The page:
Since the majority of consumer goods leave their respective factories packed in cardboard boxes, it seems logical that people have concerns about just where those millions of cardboard boxes will end up. The majority of consumer goods include cardboard for at least a portion of the packaging, even if this package also includes plastic, such as blister packs. Anyone with experience using cardboard boxes knowns that all cardboard is not alike. Are there some cardboards that recycle better than others? Let’s take a look at corrugated cardboard and see how using this variety of cardboard can actually help the environment.
As we all know, generally, most cardboard boxes live more than one life. We use boxes to pack when we move, to store our treasures on a closet shelf or in an attic, or as a puppy birthing nest. We might use a worn-out box to help start a fire in the fireplace, wood stove, or campfire. Make-shift file cabinet, floor protector when cleaning or painting, stiffening a large envelope when mailing a photo, or even a play fort: these are just a few of the second-life uses for cardboard boxes. But aside from all these homey uses, what about all the boxes that we just flatten and put out for the trash man to pick up?
Because we make corrugated cardboard without any dyes and bleaches, it is great for recycling. It is biodegradable too. Yet, the fibers of corrugated cardboard are strong enough for reuse, sometimes many times over. As was already noted, anyone can reuse cardboard boxes, something that reduces the need to harvest more trees to make new boxes. We make most corrugated cardboard from recycled paper, so you start with a “green” product already. After each box lives its useful life, we can recycle it again, thus completing its lifecycle.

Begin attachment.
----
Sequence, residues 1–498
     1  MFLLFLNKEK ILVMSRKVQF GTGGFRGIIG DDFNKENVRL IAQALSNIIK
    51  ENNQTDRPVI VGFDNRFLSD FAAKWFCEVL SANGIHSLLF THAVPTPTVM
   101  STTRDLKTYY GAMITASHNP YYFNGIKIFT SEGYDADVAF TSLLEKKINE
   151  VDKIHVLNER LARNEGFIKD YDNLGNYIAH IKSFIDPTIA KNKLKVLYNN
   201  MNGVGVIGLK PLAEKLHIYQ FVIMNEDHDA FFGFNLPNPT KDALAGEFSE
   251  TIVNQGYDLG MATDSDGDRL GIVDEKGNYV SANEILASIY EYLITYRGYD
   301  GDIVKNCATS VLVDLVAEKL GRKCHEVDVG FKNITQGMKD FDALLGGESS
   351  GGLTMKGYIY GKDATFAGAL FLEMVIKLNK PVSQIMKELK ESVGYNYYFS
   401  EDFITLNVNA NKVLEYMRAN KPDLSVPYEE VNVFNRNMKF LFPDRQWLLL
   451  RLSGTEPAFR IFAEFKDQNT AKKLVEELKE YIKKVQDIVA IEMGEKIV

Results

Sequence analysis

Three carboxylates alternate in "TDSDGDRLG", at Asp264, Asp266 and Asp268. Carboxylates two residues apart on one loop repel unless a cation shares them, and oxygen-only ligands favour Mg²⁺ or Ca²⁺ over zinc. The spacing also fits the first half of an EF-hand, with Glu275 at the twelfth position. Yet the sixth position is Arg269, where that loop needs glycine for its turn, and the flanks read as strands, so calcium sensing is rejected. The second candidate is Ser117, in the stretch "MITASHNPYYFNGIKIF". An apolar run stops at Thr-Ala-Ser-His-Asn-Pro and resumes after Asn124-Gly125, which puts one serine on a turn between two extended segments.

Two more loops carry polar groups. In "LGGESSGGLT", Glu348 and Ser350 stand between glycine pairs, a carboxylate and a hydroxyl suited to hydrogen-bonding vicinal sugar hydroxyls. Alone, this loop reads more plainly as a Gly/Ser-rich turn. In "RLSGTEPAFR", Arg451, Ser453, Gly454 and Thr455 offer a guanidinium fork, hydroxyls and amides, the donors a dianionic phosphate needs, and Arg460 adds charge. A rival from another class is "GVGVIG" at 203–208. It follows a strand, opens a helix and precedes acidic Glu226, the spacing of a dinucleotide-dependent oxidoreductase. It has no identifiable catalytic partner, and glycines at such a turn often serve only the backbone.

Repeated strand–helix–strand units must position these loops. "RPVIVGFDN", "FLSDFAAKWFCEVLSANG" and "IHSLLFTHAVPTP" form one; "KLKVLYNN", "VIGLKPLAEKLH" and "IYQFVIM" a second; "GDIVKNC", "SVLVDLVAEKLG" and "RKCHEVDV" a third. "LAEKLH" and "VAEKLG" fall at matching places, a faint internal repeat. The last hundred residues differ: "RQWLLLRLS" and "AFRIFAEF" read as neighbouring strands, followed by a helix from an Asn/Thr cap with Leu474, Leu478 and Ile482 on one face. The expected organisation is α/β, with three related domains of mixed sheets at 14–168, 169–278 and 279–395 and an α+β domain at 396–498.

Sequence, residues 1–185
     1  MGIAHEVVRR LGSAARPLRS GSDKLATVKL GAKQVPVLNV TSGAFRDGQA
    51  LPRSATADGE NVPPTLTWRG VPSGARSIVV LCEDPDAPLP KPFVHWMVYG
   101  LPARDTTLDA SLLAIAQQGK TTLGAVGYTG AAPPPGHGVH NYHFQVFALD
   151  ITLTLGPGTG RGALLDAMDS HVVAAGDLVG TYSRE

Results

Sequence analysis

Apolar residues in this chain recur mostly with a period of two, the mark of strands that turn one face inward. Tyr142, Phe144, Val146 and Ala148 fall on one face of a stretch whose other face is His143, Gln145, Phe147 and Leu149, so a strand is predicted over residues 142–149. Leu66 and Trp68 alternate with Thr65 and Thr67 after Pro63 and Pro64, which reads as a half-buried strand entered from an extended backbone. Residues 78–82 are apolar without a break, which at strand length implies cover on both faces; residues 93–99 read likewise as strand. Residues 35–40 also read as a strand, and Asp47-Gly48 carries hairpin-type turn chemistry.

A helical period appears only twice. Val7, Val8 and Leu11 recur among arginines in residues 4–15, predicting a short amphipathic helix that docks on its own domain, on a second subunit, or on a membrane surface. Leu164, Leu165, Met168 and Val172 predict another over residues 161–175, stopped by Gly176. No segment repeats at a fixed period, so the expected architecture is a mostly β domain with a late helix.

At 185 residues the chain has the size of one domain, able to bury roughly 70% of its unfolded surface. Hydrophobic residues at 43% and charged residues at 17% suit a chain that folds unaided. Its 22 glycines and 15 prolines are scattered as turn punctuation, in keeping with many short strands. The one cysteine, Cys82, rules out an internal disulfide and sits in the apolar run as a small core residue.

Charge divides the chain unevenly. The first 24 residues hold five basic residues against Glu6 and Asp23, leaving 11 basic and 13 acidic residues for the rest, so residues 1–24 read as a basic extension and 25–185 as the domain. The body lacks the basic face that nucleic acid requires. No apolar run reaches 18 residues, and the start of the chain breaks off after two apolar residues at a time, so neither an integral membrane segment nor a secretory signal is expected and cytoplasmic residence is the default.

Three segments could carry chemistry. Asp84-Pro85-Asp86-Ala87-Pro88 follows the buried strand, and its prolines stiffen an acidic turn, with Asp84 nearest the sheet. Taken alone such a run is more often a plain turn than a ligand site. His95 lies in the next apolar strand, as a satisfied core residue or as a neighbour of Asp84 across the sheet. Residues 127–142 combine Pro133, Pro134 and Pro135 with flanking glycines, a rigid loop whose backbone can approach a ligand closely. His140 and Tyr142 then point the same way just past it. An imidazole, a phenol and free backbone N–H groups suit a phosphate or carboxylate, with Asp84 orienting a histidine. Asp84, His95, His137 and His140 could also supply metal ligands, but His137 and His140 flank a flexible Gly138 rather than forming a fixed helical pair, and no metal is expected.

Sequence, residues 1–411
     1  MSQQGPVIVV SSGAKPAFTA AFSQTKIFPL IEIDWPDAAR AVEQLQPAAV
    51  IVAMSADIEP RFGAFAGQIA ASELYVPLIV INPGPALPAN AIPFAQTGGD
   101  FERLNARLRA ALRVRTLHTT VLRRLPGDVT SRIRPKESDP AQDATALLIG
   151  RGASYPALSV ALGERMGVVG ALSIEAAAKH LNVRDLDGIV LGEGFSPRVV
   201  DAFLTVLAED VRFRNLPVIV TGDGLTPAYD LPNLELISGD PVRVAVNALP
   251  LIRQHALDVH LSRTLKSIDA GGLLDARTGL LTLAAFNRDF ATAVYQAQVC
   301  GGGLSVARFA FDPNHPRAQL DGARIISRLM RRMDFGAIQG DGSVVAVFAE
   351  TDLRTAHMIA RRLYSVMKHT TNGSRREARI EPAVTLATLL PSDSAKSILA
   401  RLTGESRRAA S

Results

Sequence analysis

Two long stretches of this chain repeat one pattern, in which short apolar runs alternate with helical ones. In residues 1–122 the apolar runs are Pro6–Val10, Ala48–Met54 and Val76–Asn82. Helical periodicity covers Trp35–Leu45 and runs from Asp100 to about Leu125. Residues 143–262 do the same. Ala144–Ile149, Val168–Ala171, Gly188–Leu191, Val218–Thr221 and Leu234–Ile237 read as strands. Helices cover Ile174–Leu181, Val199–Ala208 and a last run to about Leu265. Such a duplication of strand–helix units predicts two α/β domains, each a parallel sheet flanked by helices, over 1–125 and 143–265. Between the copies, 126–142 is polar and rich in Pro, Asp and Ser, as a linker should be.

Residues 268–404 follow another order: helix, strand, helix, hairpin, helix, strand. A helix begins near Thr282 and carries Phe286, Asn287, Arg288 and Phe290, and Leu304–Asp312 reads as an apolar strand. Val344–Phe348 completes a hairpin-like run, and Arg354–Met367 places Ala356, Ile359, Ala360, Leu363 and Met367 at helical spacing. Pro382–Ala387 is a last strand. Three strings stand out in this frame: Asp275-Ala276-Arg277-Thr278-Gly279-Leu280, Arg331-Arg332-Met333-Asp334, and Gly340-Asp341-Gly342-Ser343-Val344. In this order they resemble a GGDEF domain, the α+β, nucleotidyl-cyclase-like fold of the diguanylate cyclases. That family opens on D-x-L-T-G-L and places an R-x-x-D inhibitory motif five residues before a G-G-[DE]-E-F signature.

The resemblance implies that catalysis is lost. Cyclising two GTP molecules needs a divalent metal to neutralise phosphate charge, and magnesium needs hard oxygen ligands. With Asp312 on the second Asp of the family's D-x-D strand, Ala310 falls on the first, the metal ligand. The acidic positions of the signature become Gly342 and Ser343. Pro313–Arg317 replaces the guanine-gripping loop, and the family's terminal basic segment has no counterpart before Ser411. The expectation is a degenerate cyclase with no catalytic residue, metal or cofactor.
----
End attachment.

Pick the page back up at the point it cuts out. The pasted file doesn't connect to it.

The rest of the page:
Corrugated cardboard is made from paper pulp primarily created from pine trees, which is a fast-growing tree. This means that as teams harvest mature trees, they plant a new crop of seedlings in an ever-renewing cycle. We can also make corrugated cardboard from wood chips or leftovers from a variety of processes that make paper. Corrugated cardboard made from recycled material uses less energy in the manufacturing process as well. Many factories that make corrugated cardboard use local recycled materials, which saves fuel for transporting virgin materials over long distances.
Companies use corrugated cardboard to create boxes of custom sizes to meet individual business needs. Corrugated cardboard is sturdy, allowing it to protect the contents from damage in shipment or storage. Manufacturers can produce boxes in uniform sizes for specific uses, which allows shipping companies and retailers to stack them, minimizing space in warehouses, semi-truck trailers, and shipping containers. These features make corrugated cardboard a natural and sensible choice for both manufacturers and distributors. At the same time, they encourage its continued use in packaging for the future, ensuring we will see this packaging material for years to come.